Francois always despised the textile barons who ruled his local town. But he fell in love with the family heiress Gilberte. Ten years ago, he would have married her. Now only hatred holds them together. Francois is accused of murder. A hooker and a football star lie slaughtered. He thinks he has been framed by the mob. Going underground, he finds that the trail leads all the way to the top - to ... See full summary »
Three directors each adapt a Poe short story to the screen: "Toby Dammit" features a disheveled drugged and drunk English movie star who nods acceptance in the Italian press and his ... See full summary »
"Les quatre vérités" aka "The Four Truths" is a movie anthology that consists of four segments, all loosely parodying fables from the 17th-century French poet Jean de la Fontaine. The US cut usually features only 3 segments.
Abel Davis is a criminal, hunted in Italy. The police are closing in, so he and his pal Raymond arrange to flee back to France with Abel's wife, Thérèse, and their two young sons. Abel and ... See full summary »
The original Italian is La Viaccia (the name of the family farm which motivates the plot). The death of a wealthy patriarch in 1885 sets off an interfamily power struggle. Son Ferdinando ... See full summary »
LOVE AND THE FRENCHWOMAN (Henri Decoin, Jean Delannoy, Michel Boisrond, Rene' Clair, Henri Verneuil, Christian-Jaque and Jean Paul Le Chanois, 1960) **1/2
This is one of the innumerable portmanteau films which flooded the European market during the 50s and 60s. I haven't watched that many of them and, actually, have a few on VHS which I still need to check out! It isn't anything special, really, but certainly passes the time agreeably enough - featuring some amusing animation during the narrated linking sequences.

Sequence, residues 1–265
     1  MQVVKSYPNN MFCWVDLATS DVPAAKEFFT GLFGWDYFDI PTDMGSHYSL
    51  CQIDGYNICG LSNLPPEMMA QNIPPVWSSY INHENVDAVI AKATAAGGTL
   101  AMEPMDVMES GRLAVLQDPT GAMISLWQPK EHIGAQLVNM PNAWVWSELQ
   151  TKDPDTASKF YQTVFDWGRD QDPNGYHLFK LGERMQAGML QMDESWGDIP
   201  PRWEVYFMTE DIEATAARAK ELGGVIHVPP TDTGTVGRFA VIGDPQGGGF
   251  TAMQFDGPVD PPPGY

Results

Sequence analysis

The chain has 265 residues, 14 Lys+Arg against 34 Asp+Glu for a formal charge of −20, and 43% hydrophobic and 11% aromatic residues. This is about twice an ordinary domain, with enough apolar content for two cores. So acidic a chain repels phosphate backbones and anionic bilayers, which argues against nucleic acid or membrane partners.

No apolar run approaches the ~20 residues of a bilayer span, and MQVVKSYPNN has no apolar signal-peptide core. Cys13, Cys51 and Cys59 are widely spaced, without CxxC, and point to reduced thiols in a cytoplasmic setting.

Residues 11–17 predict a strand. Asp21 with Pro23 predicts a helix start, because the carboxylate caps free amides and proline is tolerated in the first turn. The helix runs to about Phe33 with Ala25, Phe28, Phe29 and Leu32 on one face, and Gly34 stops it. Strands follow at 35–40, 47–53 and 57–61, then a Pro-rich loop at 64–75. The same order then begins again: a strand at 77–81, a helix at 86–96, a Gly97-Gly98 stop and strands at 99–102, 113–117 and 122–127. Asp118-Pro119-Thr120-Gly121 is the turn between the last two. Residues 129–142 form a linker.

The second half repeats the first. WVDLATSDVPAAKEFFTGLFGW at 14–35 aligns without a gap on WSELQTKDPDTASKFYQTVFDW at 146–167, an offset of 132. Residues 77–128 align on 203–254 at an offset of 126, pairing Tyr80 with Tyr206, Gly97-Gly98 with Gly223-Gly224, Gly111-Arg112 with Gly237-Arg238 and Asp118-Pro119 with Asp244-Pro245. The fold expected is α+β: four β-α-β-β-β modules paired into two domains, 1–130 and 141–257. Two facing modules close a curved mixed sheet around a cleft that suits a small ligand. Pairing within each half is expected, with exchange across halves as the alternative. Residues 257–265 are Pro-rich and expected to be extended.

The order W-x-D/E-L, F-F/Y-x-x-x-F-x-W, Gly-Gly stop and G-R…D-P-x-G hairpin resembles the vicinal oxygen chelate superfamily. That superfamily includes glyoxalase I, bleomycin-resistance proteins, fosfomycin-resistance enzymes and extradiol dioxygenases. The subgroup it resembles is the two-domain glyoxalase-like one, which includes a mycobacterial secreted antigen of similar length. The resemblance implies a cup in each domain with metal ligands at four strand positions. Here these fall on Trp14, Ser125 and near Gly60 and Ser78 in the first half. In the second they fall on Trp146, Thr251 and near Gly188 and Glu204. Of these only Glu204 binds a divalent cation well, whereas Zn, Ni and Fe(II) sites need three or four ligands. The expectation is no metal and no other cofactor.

None of the seven directors creates a classic with his individual segment - but, as is to be expected, some episodes are better than others: the funniest is the first by Decoin about the dilemma parents face when it is time for them to explain to their children how babies are born; the fourth segment by Clair is fairly sophisticated but rather lacks the wit of his best work; the fifth by Verneuil concerns adultery, with the two men involved played by Paul Meurisse (the husband) and Jean-Paul Belmondo (the lover); the sixth episode by Christian-Jaque about the surmounting legal problems of a couple about to divorce (despite their mutual consent to it!) is delightfully enacted by Annie Girardot and Francois Perier; the rest are watchable but not especially rewarding.
By the way, though the film is supposed to be 143 minutes long, the Fox Lorber DVD ran for only 132!
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